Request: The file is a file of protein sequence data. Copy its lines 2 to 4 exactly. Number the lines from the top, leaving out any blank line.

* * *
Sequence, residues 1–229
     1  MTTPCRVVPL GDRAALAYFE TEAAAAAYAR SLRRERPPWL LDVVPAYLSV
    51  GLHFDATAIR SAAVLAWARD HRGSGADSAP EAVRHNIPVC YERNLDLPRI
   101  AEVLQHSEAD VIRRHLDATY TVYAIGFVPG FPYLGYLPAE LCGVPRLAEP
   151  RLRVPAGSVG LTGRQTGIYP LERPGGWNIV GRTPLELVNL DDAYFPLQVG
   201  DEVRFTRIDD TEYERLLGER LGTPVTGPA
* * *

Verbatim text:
     1  MTTPCRVVPL GDRAALAYFE TEAAAAAYAR SLRRERPPWL LDVVPAYLSV
    51  GLHFDATAIR SAAVLAWARD HRGSGADSAP EAVRHNIPVC YERNLDLPRI
   101  AEVLQHSEAD VIRRHLDATY TVYAIGFVPG FPYLGYLPAE LCGVPRLAEP